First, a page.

Let’s start with a confession: war movies don’t do much for me. They usually include too much movie and not enough war, too much Hollywood and not enough Hürtgen, you might say. Everything in real war is confused, bewildering, and ambiguous. Everything in movie-war is certain. The great nineteenth century German philosopher of war, Karl von Clausewitz, noted that war is uncertain, that it takes place in a kind of “fog” (thus coining the famous phrase, “the fog of war”). I have a feeling that Clausewitz wouldn’t be much of a war movie buff, either, and when I die, I intend to ask him.
There is one kind of movie I can’t get enough of, however: films that were produced during the WWII era—immediately before, during, or immediately after the conflict. However much they try to deal in fantasy, they can’t help but tell the truth. They are my window into a world that I cannot know. Born in 1958, I can try to understand what it felt like to live through the war, but I usually fail. My introduction to World War II as a boy? The television series Combat, with my boyhood hero, the late Vic Morrow. A few years later, I watched Rat Patrol, and it, too, blew my mind. In neither case, however, do I confuse these shows with real life. They were great television, but historical cartoons.
The other day, however, I was watching a movie made in 1947, in the very wake of World War II. Its audience had just lived through a war that had killed human beings wholesale: 75 million or so dead by the most recent Wikipedia count, some three percent of the world’s 1940 population. In many places, like China and the Soviet Union, the percentage was much, much higher. So, a movie made in 1947 is by definition going to be about World War II. The history was still recent and the wounds were still open.
Oddly enough, it’s a happy, uplifting film, a “feelgood,” as Hollywood calls it today. It’s that holiday perennial “Miracle on 34th Street.” You all know it. It features a nice old man with a beard (played beautifully by actor Edmund Gwenn) who calls himself Kris Kringle. He thinks he’s Santa Claus, and by the end of the film, he manages to convince the US Post Office that he is, in fact, who he says he is. The film also features actress Maureen O’Hara at her most beautiful, not to mention an adorable Natalie Wood at the age of eight.
There is a scene in the middle of the film where Kris, dressed up as Santa at Macy’s, greets a shy little girl. Her mother—actually, we learn, her adoptive mother—tries to explain to Kris that the girl can’t speak English, that she is a Dutch refugee, an orphan from Rotterdam recently brought to the United States and placed in a foster home.
Kris—miraculously, it seems—begins speaking to her in Dutch. Her little eyes widen in amazement and she speaks back. “Sinterklaas,” she squeals with delight! It’s the first sign to us, the audience, that there is something special about this old man. Maybe he really is Santa Claus! I watched it last night, and like always, I cried like a baby.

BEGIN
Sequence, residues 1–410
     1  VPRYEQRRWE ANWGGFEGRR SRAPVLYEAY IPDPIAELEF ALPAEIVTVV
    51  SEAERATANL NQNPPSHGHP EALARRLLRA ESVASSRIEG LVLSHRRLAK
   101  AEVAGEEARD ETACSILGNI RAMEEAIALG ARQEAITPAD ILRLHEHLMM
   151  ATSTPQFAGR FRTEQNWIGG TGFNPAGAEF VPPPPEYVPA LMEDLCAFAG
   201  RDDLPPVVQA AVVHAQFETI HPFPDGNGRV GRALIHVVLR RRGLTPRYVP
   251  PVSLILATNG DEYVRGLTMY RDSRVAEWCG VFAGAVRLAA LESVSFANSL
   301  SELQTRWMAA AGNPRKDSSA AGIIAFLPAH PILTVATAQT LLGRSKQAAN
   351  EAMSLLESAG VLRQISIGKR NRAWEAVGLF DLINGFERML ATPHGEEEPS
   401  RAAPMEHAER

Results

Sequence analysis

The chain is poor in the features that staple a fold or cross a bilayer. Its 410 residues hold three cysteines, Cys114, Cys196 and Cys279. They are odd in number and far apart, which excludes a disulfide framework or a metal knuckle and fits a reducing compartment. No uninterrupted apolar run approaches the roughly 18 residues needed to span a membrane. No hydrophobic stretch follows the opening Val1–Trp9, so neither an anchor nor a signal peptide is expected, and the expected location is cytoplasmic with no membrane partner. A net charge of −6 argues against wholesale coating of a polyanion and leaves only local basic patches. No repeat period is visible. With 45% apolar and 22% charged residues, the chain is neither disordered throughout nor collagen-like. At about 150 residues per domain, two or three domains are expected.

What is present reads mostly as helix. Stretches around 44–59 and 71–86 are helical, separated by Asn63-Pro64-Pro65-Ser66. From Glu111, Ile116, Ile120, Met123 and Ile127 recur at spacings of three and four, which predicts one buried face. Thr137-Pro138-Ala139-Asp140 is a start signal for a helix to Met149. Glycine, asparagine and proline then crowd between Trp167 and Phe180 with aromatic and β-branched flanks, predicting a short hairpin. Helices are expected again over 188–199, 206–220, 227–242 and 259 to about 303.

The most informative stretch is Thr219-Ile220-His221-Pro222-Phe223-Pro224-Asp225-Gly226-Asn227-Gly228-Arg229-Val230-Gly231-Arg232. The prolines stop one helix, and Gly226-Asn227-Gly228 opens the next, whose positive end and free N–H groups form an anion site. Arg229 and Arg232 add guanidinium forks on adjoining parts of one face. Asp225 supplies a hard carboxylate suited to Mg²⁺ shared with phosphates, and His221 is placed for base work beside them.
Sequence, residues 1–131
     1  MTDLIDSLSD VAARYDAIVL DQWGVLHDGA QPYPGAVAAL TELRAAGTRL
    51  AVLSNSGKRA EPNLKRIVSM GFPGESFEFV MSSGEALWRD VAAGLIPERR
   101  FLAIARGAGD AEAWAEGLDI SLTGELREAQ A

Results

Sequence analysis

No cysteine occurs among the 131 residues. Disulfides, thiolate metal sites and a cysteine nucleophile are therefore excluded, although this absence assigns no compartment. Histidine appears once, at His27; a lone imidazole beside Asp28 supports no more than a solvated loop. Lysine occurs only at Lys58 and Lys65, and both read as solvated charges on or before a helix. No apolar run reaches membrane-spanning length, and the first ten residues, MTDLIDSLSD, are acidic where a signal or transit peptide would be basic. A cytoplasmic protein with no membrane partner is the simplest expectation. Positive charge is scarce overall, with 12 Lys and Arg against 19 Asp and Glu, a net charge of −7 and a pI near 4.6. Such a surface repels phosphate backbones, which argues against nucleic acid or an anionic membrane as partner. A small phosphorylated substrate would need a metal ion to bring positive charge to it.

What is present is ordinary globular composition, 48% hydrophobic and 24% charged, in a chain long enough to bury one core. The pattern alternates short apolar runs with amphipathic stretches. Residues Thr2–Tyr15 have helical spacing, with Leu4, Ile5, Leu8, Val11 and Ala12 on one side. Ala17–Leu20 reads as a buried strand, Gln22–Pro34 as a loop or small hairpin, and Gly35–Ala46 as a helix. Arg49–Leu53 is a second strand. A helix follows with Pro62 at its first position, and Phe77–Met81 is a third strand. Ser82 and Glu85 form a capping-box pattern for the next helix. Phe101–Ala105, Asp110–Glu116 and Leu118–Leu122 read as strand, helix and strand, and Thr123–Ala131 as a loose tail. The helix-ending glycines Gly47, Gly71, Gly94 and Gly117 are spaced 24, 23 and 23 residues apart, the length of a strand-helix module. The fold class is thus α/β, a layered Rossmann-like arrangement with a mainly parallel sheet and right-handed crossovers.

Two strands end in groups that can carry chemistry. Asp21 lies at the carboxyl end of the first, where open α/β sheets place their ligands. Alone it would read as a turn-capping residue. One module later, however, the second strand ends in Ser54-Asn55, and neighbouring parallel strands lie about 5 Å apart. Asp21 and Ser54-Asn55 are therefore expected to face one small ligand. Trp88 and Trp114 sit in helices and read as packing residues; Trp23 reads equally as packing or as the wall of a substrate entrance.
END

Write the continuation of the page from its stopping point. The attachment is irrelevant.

This is Hollywood at its classic best—unabashedly tugging at the heartstrings. But I’m a historian by trade, and as I sat there, I started thinking about World War II, about Rotterdam and that Luftwaffe terror raid in 1940. It was infamous at the time, a clear sign of Nazi frightfulness. It was that, certainly, but probably also a case of bad timing. The Dutch were ready to surrender the city, but the German bombers were already in the air for their raid into the city center.
But here’s something else I thought about. Today, the Netherlands is one of the richest countries in the world. Dutch cities are renowned for their beauty, their architecture, and their hedonistic delights. Back in 1947, however, you could be making a movie that included a crucial scene centering around a refugee child, and it would be the most natural thing in the world to say, “Get me a Dutch girl.”
We live in a world where “refugees” are from faraway lands that Americans don’t think much about: the Democratic Republic of the Congo or Burma or a dozen other places. The term “third world” has gone out of style since the end of the Cold War, and we have replaced it with a more optimistic designation: these lands are part of the “developing world,” we say.
This is what I thought about the other night while watching Miracle on 34th Street. You want to talk about the “third world”? In World War II, that meant the Netherlands. A prosperous “first world” country descending into hell: terror-bombed by the Luftwaffe, overrun by the Wehrmacht, occupied by Nazi functionaries and ruled by a Nazi madman named Artur Seyss-Inquart. By the end of the war, this prosperous land was starving to death during what the Dutch still call the “Hongerwinter” of 1944-45.
Despite the fanciful holiday topic, Miracle on 34th Street is one film that tells the truth.
Christmas on the Air—Wartime Radio Programs Revisited
Radio as sonic morale booster was particularly important during the holidays. In this article we revisit Christmas recordings of Command Performance, The Jack Benny Show, and other radio programs.